My current book project examines daily life and ethnic relations in extremis. This study focuses on the Holocaust in Kraków, Poland, from the perspective of Jewish children’s experiences. I approach the topic from multiple angles – the German authorities, Jewish community, gentile neighbors, the Jewish family, and the youth themselves – to widen the view of Polish Jewish life during the Holocaust by giving voice and agency to the youngest victims of persecution.

My research has been supported by the Fulbright Program, Yad Vashem, the U.S. Holocaust Memorial Museum, Conference on Jewish Material Claims Against Germany (Claims Conference), Memorial Foundation for Jewish Culture, Proventus, the Hadassah Brandeis Institute, German Historical Institute in Warsaw, American Institute of Polish Culture, Polish & Slavic Federal Credit Union, Polish Student Organization, and Clark University.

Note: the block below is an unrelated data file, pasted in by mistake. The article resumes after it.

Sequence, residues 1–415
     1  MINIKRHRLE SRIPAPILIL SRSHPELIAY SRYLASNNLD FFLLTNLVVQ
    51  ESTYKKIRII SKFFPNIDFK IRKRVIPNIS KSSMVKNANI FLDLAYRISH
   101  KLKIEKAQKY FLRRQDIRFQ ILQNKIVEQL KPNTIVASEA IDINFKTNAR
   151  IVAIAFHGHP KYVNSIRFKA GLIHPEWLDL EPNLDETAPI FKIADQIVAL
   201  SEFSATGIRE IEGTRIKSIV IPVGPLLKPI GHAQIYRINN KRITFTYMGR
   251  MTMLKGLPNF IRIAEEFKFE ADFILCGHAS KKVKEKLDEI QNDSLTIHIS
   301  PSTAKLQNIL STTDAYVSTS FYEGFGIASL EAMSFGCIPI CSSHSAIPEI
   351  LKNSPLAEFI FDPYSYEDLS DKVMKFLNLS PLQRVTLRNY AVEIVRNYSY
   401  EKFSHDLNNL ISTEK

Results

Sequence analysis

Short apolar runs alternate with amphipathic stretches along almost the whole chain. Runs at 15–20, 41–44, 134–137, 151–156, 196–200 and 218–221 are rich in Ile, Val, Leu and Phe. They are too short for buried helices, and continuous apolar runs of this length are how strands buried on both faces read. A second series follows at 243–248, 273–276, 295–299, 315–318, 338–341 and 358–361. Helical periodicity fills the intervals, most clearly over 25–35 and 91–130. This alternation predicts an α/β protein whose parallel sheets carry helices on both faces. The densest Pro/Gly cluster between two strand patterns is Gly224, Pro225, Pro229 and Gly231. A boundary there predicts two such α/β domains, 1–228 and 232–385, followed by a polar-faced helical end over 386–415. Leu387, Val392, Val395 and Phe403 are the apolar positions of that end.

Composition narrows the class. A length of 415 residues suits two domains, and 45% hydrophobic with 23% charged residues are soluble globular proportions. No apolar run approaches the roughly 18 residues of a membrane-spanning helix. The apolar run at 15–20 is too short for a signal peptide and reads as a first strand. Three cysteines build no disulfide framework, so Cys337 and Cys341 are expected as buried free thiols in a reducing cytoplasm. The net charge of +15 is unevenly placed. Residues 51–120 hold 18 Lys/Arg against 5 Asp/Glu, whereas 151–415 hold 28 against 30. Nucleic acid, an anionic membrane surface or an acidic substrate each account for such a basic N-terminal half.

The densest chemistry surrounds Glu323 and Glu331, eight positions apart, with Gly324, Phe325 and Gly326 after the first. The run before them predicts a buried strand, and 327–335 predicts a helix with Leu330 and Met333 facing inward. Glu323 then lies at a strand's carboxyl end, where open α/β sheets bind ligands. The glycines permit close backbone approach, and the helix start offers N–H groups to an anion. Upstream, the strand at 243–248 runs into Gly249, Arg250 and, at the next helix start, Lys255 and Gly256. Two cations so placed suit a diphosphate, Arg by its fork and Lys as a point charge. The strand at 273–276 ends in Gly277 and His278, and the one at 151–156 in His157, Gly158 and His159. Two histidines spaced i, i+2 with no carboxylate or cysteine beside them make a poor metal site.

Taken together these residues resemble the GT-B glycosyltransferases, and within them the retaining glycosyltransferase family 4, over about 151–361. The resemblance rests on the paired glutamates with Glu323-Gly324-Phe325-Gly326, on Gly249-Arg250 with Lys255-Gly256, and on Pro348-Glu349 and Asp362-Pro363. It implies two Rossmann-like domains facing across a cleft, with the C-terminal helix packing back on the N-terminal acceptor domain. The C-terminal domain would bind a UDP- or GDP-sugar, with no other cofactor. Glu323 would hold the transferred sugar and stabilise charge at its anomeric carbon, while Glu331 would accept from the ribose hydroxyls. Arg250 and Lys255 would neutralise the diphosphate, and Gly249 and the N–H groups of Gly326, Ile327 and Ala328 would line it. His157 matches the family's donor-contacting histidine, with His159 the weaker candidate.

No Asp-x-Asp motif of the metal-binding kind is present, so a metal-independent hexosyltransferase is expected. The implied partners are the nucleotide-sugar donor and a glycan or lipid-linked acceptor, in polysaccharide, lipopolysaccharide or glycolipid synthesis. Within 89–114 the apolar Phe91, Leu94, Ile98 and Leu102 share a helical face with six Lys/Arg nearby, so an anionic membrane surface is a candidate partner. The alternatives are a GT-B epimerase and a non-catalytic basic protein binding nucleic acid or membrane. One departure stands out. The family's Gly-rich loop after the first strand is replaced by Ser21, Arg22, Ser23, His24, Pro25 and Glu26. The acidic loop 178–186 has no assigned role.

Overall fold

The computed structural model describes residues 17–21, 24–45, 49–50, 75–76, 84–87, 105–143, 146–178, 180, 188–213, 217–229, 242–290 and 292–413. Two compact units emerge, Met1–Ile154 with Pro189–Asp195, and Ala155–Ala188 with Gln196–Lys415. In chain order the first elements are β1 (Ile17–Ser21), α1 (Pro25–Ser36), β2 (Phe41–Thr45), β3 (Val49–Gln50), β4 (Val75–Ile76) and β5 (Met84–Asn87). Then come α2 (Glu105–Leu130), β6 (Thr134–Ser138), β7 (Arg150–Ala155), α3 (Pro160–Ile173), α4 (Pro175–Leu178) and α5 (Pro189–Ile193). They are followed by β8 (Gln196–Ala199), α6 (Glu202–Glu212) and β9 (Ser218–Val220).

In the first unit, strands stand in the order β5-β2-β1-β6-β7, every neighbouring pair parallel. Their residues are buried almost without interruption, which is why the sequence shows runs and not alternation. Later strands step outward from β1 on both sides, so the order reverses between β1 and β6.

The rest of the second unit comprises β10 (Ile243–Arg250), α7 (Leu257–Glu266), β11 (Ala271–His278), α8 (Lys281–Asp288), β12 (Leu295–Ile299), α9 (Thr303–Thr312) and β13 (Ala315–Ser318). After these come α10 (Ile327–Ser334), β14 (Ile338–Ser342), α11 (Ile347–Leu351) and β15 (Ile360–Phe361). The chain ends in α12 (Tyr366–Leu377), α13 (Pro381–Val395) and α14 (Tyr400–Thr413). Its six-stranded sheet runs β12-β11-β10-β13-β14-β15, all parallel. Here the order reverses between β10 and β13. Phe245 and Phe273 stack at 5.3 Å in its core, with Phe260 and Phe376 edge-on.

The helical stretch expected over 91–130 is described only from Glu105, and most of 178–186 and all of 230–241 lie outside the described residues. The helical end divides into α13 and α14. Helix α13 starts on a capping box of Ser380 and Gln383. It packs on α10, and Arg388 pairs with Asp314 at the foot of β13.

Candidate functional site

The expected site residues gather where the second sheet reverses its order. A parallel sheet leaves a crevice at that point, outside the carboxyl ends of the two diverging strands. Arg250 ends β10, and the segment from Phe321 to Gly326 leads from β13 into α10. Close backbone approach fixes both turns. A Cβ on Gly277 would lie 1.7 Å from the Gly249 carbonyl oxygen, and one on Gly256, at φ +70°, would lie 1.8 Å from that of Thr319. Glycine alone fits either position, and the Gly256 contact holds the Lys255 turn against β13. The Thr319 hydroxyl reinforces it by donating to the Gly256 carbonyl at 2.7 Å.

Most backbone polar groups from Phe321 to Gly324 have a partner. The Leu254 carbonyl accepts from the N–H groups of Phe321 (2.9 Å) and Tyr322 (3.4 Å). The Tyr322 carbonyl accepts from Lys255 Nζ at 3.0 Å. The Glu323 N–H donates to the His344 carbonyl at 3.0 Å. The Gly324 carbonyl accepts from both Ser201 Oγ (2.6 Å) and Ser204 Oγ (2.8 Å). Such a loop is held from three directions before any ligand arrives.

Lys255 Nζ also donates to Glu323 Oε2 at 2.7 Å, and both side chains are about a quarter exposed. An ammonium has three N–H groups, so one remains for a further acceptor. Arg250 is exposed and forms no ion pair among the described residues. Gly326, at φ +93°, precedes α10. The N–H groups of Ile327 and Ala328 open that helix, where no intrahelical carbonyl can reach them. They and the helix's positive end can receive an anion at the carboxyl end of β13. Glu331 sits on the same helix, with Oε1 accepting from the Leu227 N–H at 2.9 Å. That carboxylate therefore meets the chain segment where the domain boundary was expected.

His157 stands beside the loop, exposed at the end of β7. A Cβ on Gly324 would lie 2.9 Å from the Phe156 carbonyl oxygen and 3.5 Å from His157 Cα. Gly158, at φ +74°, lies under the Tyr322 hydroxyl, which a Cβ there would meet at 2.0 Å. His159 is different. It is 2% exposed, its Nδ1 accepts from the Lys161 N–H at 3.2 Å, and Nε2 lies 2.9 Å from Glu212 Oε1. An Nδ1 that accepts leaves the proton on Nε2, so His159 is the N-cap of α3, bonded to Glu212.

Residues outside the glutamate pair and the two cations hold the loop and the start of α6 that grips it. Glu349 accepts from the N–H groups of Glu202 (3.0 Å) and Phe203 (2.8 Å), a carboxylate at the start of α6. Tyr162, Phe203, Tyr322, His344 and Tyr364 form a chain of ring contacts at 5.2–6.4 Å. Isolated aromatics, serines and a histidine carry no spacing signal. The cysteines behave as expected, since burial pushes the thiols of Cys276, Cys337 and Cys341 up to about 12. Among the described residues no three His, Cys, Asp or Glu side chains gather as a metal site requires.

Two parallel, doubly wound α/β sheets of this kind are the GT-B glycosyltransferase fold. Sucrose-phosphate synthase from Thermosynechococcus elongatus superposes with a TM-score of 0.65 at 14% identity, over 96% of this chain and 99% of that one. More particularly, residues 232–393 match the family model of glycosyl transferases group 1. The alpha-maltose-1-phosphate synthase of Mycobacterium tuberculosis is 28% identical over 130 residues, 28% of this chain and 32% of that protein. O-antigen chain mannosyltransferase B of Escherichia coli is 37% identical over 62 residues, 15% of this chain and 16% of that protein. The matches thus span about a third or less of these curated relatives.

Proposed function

This project stems from my dissertation, titled Concealed Presence: Jewish Children in German-Occupied Kraków (Clark University, 2016). My dissertation committee included Professors Debórah Dwork (chair, Clark University), Jan T. Gross (Princeton University), and Samuel D. Kassow (Trinity College).